Some Discovery communities are just starting out when it comes to the idea of a Early Childhood Blueprint; others are ready to unveil their work on the project.
Wethersfield is in an exploratory phase, seeking individuals in town to participate and gauging how and if to proceed. On Nov. 30, community members including the Wethersfield School Readiness Council, town and state officials and early care and education advocates, gathered at the Pitkin Community Center to listen to officials from towns that have completed their blueprints or are close to completion on their blueprints and the process it took for them.
“What an incredible journey it was,” said Shelly Flynn, Discovery coordinator for Colchester Public Schools. “It's much more than data analysis/collection and results-based accountability. It's an opportunity for the community to develop meaning in supporting children.”
Colchester's Discovery established a workgroup that met once a month for at least 18 months. It invited all partners to the table – the public, senior citizens, town agencies, parents, early care providers and library officials and discussed how to engage the missing stakeholders. Data collection was tedious, said Flynn, and there was a lot of data not available to them, such as child obesity and well-child visit information. What was available, she said, was information on health/wellbeing, family supports and early care and education. All of that data was collected for the plan.
There was also information that Colchester Discovery wasn't aware of – that the town had a homeless population and 153 families have no transportation. If families need social services, they must got to Norwich, but there is no way to get there.
Colchester focused on what changes were possible and offered survey blasts, Expos and other ways of receiving over 1,000 responses on what the focus and priorities of the blueprint should be. Focus groups met on what was important and a draft of the blueprint began to take shape. Partners were identified and work began on a financing plan. The draft plan was posted online and feedback was solicited. After final adjustments, endorsements were sought from plan partners, including the boards of selectmen and education.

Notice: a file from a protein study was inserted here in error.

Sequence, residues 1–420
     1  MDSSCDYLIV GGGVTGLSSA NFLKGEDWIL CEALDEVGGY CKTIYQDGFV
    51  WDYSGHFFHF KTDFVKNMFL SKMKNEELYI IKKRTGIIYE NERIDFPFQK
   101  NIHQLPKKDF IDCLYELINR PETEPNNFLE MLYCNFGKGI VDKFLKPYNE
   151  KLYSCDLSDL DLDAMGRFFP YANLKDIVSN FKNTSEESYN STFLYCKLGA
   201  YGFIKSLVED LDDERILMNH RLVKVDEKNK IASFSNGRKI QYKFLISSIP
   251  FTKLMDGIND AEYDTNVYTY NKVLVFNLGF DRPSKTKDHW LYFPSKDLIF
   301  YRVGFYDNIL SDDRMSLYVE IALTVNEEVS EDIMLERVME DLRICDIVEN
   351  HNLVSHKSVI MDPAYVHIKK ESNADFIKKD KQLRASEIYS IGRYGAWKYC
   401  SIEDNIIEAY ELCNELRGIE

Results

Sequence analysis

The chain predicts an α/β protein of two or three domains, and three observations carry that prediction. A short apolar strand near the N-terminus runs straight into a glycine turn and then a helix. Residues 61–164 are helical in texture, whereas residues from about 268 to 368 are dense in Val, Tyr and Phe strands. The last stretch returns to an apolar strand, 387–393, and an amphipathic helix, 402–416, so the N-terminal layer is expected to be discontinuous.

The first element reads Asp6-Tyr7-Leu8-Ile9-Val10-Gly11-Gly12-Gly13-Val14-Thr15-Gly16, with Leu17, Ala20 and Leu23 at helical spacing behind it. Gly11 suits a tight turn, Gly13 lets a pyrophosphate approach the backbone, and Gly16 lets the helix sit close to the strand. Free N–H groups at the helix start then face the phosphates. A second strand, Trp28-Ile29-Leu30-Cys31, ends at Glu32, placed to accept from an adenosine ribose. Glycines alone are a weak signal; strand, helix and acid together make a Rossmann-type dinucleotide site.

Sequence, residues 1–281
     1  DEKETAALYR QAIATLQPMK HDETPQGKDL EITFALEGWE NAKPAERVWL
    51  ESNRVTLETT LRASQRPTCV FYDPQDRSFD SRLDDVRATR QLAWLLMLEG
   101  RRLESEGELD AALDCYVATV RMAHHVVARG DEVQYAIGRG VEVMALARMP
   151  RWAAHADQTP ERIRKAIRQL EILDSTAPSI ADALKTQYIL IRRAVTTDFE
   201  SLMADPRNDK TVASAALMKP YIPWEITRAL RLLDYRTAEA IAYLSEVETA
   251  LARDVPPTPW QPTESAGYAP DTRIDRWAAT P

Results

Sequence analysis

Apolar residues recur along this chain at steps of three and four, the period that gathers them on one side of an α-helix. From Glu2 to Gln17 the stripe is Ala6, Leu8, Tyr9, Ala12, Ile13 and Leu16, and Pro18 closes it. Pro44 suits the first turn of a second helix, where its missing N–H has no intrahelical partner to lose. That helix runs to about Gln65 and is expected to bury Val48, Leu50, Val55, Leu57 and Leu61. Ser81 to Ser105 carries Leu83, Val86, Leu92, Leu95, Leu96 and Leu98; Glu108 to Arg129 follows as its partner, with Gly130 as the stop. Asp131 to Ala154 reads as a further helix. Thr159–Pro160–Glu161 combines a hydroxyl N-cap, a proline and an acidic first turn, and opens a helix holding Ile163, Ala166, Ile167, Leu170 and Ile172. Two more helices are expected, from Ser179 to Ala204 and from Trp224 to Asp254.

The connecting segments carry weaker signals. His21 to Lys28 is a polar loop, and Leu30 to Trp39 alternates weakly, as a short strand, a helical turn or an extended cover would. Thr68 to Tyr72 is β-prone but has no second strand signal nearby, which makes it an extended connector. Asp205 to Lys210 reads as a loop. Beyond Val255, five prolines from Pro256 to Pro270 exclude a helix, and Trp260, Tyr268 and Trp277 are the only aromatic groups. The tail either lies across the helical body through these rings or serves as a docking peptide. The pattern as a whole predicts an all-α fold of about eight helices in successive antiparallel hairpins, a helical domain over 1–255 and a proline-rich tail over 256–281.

“We were done in 18 months,” said Flynn. “That's a very tight timeline. We should have taken more time. I'm glad to hear Wethersfield is [taking] two years. We haven't fully developed our financing plan, partners, etc.”
However, Flynn noted that it was an incredible opportunity to bring the community together on a common goal and that it helped establish key partnerships as a result of the plan and it increased communications between the community and the school system.
Vernon was just over 10 months into the planning process by Nov. 30, said Youth Services Director Alan Slobodien. The Vernon Community Network, formed in 2004, decided to undertake a community planning process as a result of an essential change in the Families With Service Needs law. The law change, Slobodien said, sent a clear message that juvenile courts would have little or no power to assist FWSN families, therefore, the VCN approached the Hartford Foundation for Public Giving to undertake a planning process.
“We decided we needed to bring all the heads together to figure out how to serve these kids,” said Slobodien. “[We're] finding some of our essential data points, we are wondering if they are data points that have strength...to the entire community,” he added.
Slobodien also stressed the importance of talking to the kids themselves – they'll let you what they need, he said.
“Don't eliminate any voice – every voice is important,” he said.
Some of the challenges Vernon has found include reaching certain populations. Vernon has an emerging Hispanic population, Slobodien said, and it had been hard to reach them, until reaching out to a pastor at a Hispanic church.
Slobodien also suggested hiring a consultant who understands both decision-making and results-based accountability.
In Vernon's case, funding comes from the Hartford Foundation for Public Giving, because this plan encompasses more than just birth to 8. It was a comprehensive birth to 18 plan.
“You may discover things you never knew existed right before your eyes,” Slobodien said.
Wethersfield officials soaked it all in as they listened to Flynn and Slobodien.
“There are 54 Discovery Communities in Connecticut given the opportunity,” said Mary Fulton, Discovery coordinator for the Wethersfield School Readiness Council. “This is a new thing for us. We need to know if the town of Wethersfield is willing to do the work,” she said.